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November 9, 2007

The New Nostradamus predicts the solution to the Israeli-Palestinian conflict

http://www.jewishjournal.com/blog/item/the_new_nostradamus_predicts_the_solution_to_the_israeli_palestinian_confli/


Imagine you could predict the future. With precision. And all you were doing was using a beefed up version of John Nash’s game theory formula. Well, GOOD magazine (whose founder I profiled for an article in next week’s JJ) has a cover story on a guy who can.

His name is a mouthful—Bruce Bueno de Mesquita—and he’s being hailed as the New Nostradamus, making this lead quote oh-so fitting: “Some people think Bruce is the most brilliant foreign policy analyst there is,” says one colleague. “Others think he’s a quack.”

The chairman of NYU’s department of politics, Bueno de Mesquita (mmm, I’m hungry) has been more accurate in his predictions than the CIA.

“We tested Bueno de Mesquita’s model on scores of issues that were conducted in real time—that is, the forecasts were made before the events actually happened,” says Stanley Feder, a former high-level CIA analyst. “We found the model to be accurate 90 percent of the time,” he wrote. Another study evaluating Bueno de Mesquita’s real-time forecasts of 21 policy decisions in the European community concluded that “the probability that the predicted outcome was what indeed occurred was an astounding 97 percent.” What’s more, Bueno de Mesquita’s forecasts were much more detailed than those of the more traditional analysts. “The real issue is the specificity of the accuracy,” says Feder. “We found that DI (Directorate of National Intelligence) analyses, even when they were right, were vague compared to the model’s forecasts. To use an archery metaphor, if you hit the target, that’s great. But if you hit the bull’s eye—that’s amazing.”

His method is more psychology than foreign policy. He determines the motivations of the players involved in a specific issue, applies those to a “rational-choice” model, which uses game theory as its backbone, and arrives at an expected outcome. He’s had a lot of amazing gets, but this was my favorite mentioned in the article:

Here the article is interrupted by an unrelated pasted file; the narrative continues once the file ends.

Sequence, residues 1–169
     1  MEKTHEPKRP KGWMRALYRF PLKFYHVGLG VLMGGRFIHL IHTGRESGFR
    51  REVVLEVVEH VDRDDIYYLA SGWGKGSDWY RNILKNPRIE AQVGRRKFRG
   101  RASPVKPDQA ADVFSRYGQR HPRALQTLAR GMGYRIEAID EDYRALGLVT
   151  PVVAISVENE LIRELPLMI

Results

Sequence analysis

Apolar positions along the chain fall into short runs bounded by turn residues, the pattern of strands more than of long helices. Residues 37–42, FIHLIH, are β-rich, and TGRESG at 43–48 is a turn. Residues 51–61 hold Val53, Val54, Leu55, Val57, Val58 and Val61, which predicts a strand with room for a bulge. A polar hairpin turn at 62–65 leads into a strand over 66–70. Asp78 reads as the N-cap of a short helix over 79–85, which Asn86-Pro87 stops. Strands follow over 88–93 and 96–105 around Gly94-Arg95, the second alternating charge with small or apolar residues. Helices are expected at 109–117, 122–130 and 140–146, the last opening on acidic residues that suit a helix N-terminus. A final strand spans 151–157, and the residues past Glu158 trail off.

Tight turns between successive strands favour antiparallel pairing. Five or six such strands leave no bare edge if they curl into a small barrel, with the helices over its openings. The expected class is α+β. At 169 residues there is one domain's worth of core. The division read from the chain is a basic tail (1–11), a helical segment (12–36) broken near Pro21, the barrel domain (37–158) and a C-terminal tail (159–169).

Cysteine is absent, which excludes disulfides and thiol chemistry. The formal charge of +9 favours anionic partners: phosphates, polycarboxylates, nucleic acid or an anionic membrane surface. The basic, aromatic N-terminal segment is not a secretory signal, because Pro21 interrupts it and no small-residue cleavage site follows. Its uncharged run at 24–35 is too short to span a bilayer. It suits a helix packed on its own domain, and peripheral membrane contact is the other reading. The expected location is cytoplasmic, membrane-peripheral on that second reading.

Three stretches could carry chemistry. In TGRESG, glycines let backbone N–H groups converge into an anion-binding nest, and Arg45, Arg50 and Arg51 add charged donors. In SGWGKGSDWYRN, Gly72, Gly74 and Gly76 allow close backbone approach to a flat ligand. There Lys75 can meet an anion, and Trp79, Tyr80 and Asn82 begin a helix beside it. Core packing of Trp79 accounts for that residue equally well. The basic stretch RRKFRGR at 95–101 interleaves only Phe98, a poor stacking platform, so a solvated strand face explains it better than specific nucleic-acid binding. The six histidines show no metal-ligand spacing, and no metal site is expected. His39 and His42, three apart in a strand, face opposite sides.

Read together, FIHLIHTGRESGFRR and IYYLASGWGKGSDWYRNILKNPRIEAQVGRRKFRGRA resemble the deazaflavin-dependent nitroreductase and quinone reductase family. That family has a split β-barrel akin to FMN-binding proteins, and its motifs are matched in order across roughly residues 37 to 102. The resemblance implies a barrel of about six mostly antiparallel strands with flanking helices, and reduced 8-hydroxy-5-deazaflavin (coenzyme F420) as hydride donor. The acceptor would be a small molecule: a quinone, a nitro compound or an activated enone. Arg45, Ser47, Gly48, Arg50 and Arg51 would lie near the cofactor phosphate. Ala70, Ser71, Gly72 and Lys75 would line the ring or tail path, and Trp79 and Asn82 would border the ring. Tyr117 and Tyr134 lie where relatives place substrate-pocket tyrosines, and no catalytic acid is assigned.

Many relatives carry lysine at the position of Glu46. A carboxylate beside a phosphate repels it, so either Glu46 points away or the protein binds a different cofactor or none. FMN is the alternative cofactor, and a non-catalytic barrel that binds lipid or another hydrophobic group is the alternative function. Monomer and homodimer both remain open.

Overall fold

His model predicted that upon Khomeini’s death, an ayatollah named Hojatolislam Khamenei and an obscure junior cleric named Akbar Hashemi Rafsanjani would emerge to lead the country together. At the time, Rafsanjani was so little known that his name had yet to appear in the New York Times.  Even more improbably, Khomeini had already designated his successor, and it was neither Ayatollah Khamenei nor Rafsanjani. Khomeini’s stature among Iran’s ruling clerics made it inconceivable that they would defy their leader’s choice. At the APSA meeting subsequent to the article’s publication, Bueno de Mesquita was roundly denounced as a quack by the Iran experts—a charlatan peddling voodoo mathematics. “They said I was an idiot, basically. They said my work was evil, offensive, that it should be suppressed,” he recalls. “It was a very difficult time in my career.” Five years later, when Khomeini died, lo and behold, Iran’s fractious ruling clerics chose Ayatollah Khamenei and Hashemi Rafsanjani to jointly lead the country.

Anyway, with the much-anticipated peace forum at Annapolis coming up between Israeli PM Ehud Olmert and Palestinian President Mahmoud Abbas, New Nostradamus offered this model for achieving piece in the most contested—and holiest—strip of land in the Middle East.

“In my view, it is a mistake to look for strategies that build mutual trust because it ain’t going to happen. Neither side has any reason to trust the other, for good reason,” he says. “Land for peace is an inherently flawed concept because it has a fundamental commitment problem. If I give you land on your promise of peace in the future, after you have the land, as the Israelis well know, it is very costly to take it back if you renege. You have an incentive to say, ‘You made a good step, it’s a gesture in the right direction, but I thought you were giving me more than this. I can’t give you peace just for this, it’s not enough.’ Conversely, if we have peace for land—you disarm, put down your weapons, and get rid of the threats to me and I will then give you the land—the reverse is true: I have no commitment to follow through. Once you’ve laid down your weapons, you have no threat.” 

Bueno de Mesquita’s answer to this dilemma, which he discussed with the former Israeli prime minister and recently elected Labor leader Ehud Barak, is a formula that guarantees mutual incentives to cooperate. “In a peaceful world, what do the Palestinians anticipate will be their main source of economic viability? Tourism. This is what their own documents say. And, of course, the Israelis make a lot of money from tourism, and that revenue is very easy to track. As a starting point requiring no trust, no mutual cooperation, I would suggest that all tourist revenue be [divided by] a fixed formula based on the current population of the region, which is roughly 40 percent Palestinian, 60 percent Israeli. The money would go automatically to each side. Now, when there is violence, tourists don’t come. So the tourist revenue is automatically responsive to the level of violence on either side for both sides. You have an accounting firm that both sides agree to, you let the U.N. do it, whatever. It’s completely self-enforcing, it requires no cooperation except the initial agreement by the Israelis that they are going to turn this part of the revenue over, on a fixed formula based on population, to some international agency, and that’s that.”

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